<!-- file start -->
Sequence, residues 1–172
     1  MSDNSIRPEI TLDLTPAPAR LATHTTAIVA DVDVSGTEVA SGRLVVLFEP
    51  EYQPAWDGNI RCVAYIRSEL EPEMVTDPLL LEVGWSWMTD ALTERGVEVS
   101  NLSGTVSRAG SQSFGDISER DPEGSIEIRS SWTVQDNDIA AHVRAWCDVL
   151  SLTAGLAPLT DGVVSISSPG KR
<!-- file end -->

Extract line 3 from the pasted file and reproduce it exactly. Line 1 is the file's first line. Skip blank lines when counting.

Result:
    51  EYQPAWDGNI RCVAYIRSEL EPEMVTDPLL LEVGWSWMTD ALTERGVEVS